Current Opinion in Neurology was launched in 1988. It is one of a successful series of review journals whose unique format is designed to provide a systematic and critical assessment of the literature as presented in the many primary journals. The field of neurology is divided into 14 sections that are reviewed once a year. Each section is assigned a Section Editor, a leading authority in the area, who identifies the most important topics at that time. Here we are pleased to introduce the Journal's Section Editors for this issue.
Rajiv R. Ratan
Dr Rajiv (Raj) Ratan received his B.A. in Neuroscience (Magna Cum Laude) from Amherst College, USA, in 1981 and received the John Woodruff Simpson Fellowship in Medicine. He completed an M.D. and Ph.D. at the New York University School of Medicine, USA, where he graduated as a member of AOA in 1988. He completed his Ph.D. with Dr Michael Shelanski (Chair of Pathology at Columbia University) and Dr Frederick Maxfield (Chair of Biochemistry at Cornell), where he focused on novel methods to monitor calcium gradients in living cells.
Dr Ratan completed an Internship in Medicine at the University of Chicago, USA, and was a Neurology resident. He then became the Chief Resident in Neurology at Johns Hopkins, USA (1991–1992). He was awarded the Jay Slotkin Award for excellence in research while a resident and subsequently received the Passano Foundation Clinician Scientist Award while completing a fellowship in Neurorehabilitation and a post-doc in the Department of Neuroscience at Hopkins. In 1994, he was promoted to Assistant Professor of Neurology and Rehab Medicine at Hopkins and he started his own lab with the help of his post-doc mentor, Dr Jay Baraban.
In 1996, he was recruited to set up the Neuroprotection Laboratory in the Department of Neurology and Program in Neuroscience at Harvard Medical School (Harvard Institutes of Medicine and Beth Israel Hospital), USA. He became an Associate Professor at Harvard in 1999. In 2002, Dr Ratan moved to Burke to Direct the Research Institute. He was formally appointed the Winifred Masterson Burke Professor of Neurology and Neuroscience at Weill Medical College, USA, in 2004 and named an Associate Dean for the medical college in 2011.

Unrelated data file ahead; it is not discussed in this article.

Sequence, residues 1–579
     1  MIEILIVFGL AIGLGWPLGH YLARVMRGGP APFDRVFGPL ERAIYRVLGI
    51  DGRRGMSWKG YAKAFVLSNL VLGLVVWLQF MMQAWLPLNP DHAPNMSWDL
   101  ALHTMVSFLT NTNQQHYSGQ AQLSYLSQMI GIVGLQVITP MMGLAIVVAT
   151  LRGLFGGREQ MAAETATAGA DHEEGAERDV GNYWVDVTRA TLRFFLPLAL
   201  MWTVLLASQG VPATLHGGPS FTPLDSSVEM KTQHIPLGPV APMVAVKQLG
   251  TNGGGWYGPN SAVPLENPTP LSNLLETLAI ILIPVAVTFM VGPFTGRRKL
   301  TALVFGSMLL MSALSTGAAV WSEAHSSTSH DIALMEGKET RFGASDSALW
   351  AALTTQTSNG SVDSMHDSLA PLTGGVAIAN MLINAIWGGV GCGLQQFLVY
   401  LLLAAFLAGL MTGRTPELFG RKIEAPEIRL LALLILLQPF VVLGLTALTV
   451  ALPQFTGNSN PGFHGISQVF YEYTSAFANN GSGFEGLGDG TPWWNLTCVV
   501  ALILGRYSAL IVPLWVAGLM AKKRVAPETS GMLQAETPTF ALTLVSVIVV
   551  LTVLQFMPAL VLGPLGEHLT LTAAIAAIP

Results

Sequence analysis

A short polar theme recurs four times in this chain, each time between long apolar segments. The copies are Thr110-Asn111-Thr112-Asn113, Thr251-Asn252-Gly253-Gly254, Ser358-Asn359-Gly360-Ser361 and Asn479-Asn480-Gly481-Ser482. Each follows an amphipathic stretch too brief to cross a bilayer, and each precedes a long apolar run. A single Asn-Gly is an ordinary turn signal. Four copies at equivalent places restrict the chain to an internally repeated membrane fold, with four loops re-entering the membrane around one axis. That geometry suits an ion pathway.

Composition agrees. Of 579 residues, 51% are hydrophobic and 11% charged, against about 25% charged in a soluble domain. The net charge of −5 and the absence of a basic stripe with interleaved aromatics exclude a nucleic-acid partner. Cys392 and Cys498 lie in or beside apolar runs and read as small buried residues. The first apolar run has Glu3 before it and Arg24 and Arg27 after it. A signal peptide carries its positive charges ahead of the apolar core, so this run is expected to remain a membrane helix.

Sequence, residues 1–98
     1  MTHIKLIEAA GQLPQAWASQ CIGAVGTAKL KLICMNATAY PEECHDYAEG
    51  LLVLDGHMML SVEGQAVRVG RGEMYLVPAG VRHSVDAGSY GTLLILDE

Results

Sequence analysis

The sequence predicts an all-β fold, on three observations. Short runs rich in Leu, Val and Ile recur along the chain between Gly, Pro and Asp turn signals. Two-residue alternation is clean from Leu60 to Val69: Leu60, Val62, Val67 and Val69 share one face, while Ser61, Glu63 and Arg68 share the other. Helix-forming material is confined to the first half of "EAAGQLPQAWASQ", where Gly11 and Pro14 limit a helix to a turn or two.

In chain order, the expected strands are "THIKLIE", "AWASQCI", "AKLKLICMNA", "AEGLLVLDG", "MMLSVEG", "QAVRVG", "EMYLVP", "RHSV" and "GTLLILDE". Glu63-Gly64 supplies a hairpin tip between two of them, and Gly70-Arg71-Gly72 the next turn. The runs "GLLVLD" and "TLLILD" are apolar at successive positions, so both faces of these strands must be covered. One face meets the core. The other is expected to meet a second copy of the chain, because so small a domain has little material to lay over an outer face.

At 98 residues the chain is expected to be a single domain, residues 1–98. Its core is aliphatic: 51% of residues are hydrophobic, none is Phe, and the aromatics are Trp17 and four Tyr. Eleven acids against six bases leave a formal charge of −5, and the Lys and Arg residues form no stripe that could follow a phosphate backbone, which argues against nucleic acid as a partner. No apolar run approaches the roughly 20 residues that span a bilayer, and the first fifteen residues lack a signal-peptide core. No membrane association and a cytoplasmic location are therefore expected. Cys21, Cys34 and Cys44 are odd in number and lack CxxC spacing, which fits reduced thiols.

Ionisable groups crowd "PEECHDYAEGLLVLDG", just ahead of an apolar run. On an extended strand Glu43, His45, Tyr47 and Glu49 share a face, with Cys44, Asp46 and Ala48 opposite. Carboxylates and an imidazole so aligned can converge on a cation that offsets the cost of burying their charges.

Yutaka Yoshida received his PhD degree with Dr Tadashi Yamamoto at University of Tokyo, Japan, in 1999. As a PhD student, he learned molecular biology and mouse genetics. After he received his PhD degree, he joined Dr Thomas Jessell lab at Columbia University, USA. In Jessell lab, he focused on understanding molecular mechanisms underlying formation of monosynaptic sensory-motor circuits in the developing spinal cord.
In 2008, he started his own lab as an assistant professor in division of Developmental Biology at Cincinnati Children's Hospital Medical Center (CCHMC), USA, where he continued to work on monosynaptic sensory-motor circuits. In addition, he started studying other motor circuits such as corticospinal circuits which are essential for skilled movements. He is also interested in promoting regeneration of motor circuits after spinal cord injury. He was promoted to an associate professor at CCHMC in 2015. In 2018, he moved to Burke Neurological Institute/Weill Cornell Medicine, USA, to further expand his motor circuit research.
Dr Antonio Omuro is a professor of Neurology and director of the Yale Brain Tumor Center, at Yale School of Medicine, New Haven, CT, USA. He is a neuro-oncologist with a research focus on developing clinical trials and new treatments for brain tumors. Dr Omuro has made significant contributions in a variety of diseases, including glioblastomas, gliomas and primary CNS lymphoma.